0<w′<0.95 and preferably 0.05<w′<0.3;

 0<h′<1 and preferably 0.001<h′<0.2;

Ar cos(s/h)≦α≦90° and preferably α=90°; and

0<φ′<0.25 and preferably 0<φ′<0.01.

In FIG. 4, the border of attack is shown to be on the leading (upstream) face 145 of the baffle 140, but it may also be on the trailing (downstream) face 146 or anywhere in between.

With reference to FIG. 5, a zinc/air fuel cell 150 constructed in accordance with an alternative embodiment of the invention will now be described. The zinc/air fuel cell 150 is similar to the zinc/air fuel cell 114 described above, except the electrolyte outlet conduit 128 and manifold 130 are replaced with an electrolyte inlet conduit 152 and manifold 154. In this embodiment, zinc particulate and electrolyte enters the cell cavity via the inlet conduit 116 into quadrant 1 and exits the cell cavity via the outlet conduit 118 from quadrant 2. Electrolyte supplied by the electrolyte management unit 106 enters quadrant 3 of the fuel cell cavity via the manifold 154 and the electrolyte inlet conduit 152. The electrolyte, with reaction product, flows up and across the cell cavity and exits with the zinc and electrolyte flow via the outlet conduit 118 from quadrant 2. This embodiment of the zinc/air fuel cell is advantageous because for moderate flow rates and high cell electrical discharge rates, it may be advantageous for electrolyte to flow upward through the electroactive zone.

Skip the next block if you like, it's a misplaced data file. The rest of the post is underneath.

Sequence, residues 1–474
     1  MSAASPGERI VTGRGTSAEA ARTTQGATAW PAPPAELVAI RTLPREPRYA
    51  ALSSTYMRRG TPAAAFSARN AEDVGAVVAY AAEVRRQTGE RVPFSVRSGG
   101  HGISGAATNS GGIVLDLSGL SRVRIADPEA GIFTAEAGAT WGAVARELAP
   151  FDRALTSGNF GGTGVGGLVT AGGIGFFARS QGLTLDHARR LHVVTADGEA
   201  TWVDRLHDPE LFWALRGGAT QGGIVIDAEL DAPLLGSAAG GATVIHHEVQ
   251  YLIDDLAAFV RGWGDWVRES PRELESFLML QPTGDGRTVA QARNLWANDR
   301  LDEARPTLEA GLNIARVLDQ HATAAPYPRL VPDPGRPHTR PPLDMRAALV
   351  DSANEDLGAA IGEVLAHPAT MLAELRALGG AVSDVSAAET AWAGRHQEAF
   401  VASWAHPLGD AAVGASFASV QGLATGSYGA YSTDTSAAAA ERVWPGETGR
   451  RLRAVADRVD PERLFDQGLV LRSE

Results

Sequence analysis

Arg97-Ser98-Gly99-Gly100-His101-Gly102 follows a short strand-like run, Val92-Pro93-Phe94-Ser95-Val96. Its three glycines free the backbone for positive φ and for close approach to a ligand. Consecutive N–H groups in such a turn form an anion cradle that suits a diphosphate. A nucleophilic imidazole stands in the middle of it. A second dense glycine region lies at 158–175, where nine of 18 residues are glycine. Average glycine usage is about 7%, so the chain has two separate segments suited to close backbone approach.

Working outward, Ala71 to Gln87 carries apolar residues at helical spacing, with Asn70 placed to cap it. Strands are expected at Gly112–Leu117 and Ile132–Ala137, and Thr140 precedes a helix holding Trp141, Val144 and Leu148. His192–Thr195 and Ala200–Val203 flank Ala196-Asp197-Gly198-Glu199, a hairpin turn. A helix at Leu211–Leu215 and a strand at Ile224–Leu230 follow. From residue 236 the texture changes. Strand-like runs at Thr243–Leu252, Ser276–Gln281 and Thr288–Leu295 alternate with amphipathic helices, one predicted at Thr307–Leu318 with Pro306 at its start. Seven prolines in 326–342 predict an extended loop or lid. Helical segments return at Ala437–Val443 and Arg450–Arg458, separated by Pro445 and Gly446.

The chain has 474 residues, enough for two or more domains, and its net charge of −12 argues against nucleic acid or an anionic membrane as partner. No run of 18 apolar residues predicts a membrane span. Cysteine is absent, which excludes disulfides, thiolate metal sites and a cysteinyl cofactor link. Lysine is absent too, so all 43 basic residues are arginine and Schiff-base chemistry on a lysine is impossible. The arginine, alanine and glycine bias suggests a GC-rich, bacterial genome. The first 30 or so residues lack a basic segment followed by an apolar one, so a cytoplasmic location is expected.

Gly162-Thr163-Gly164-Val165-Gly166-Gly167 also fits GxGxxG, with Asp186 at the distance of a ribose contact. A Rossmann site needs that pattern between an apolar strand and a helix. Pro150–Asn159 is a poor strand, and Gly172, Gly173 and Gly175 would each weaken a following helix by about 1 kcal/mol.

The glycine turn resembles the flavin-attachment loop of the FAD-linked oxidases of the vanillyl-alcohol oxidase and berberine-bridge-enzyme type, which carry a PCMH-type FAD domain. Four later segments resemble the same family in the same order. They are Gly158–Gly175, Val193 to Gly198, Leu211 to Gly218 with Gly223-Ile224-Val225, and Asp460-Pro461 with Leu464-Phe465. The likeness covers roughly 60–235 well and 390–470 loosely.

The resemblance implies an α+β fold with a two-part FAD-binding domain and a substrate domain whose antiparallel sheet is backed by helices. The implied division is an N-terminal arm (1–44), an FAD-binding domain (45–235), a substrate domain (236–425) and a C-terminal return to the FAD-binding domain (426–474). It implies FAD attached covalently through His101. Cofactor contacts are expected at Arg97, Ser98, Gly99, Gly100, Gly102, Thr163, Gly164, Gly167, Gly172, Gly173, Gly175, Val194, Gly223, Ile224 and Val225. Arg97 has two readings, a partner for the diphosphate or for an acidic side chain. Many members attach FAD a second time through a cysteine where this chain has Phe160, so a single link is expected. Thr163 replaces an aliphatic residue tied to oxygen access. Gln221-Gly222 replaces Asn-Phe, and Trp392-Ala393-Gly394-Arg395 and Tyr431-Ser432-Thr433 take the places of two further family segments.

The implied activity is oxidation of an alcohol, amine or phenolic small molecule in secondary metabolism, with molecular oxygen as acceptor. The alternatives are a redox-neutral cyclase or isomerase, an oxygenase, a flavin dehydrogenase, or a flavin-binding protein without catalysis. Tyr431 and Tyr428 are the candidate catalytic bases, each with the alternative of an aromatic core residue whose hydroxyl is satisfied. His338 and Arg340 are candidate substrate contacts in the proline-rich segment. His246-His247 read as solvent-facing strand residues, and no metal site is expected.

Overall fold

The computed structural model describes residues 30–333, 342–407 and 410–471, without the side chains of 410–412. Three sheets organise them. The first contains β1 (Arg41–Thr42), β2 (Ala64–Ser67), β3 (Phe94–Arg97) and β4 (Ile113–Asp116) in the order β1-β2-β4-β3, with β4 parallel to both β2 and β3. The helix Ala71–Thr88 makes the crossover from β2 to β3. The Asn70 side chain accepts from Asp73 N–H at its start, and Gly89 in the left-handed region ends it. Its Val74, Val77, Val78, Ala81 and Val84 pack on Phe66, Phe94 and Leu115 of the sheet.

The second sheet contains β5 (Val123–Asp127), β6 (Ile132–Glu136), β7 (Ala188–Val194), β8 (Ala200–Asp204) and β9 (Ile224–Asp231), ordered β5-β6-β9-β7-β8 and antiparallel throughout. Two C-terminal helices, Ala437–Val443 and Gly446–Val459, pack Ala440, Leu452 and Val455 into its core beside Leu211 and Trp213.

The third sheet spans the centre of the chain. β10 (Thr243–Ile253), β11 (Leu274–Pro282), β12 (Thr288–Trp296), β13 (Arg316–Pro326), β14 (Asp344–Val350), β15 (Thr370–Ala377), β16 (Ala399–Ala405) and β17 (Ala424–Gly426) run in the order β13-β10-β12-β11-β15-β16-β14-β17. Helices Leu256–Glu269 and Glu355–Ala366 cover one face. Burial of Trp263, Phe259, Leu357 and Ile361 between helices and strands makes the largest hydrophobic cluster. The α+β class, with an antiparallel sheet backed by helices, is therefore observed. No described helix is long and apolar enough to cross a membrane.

In an alternative embodiment of the invention, the conduit 152 and manifold 154 described above with respect to FIG. 5, may be used to remove electrolyte and reaction product from the fuel cell cavity at quadrant 3 instead of supplying electrolyte to the fuel cell cavity at this location. This would cause the supplied electrolyte to flow downwards, into quadrant 3, and out the conduit 152. In this embodiment of the invention, zinc particulate and electrolyte would still enter the cell cavity via the inlet conduit 116 into quadrant 1 and exit the cell cavity via the outlet conduit 118 from quadrant 2. A screen or filter (not shown) similar to that described above with respect to FIGS. 1 and 2 would preferably be located near the bottom 122 of the cell 150 to prevent zinc particulate from exiting the cell 150 with the electrolyte. Other embodiments, with different locations and configurations of particle and fluid inlets and outlets, are possible. The essential elements of any useful embodiment are that it allows for fluid flow through substantially all of the electroactive zone to remove heat and reaction product, and that it allows for the introduction of fresh zinc particles into the electroactive zone.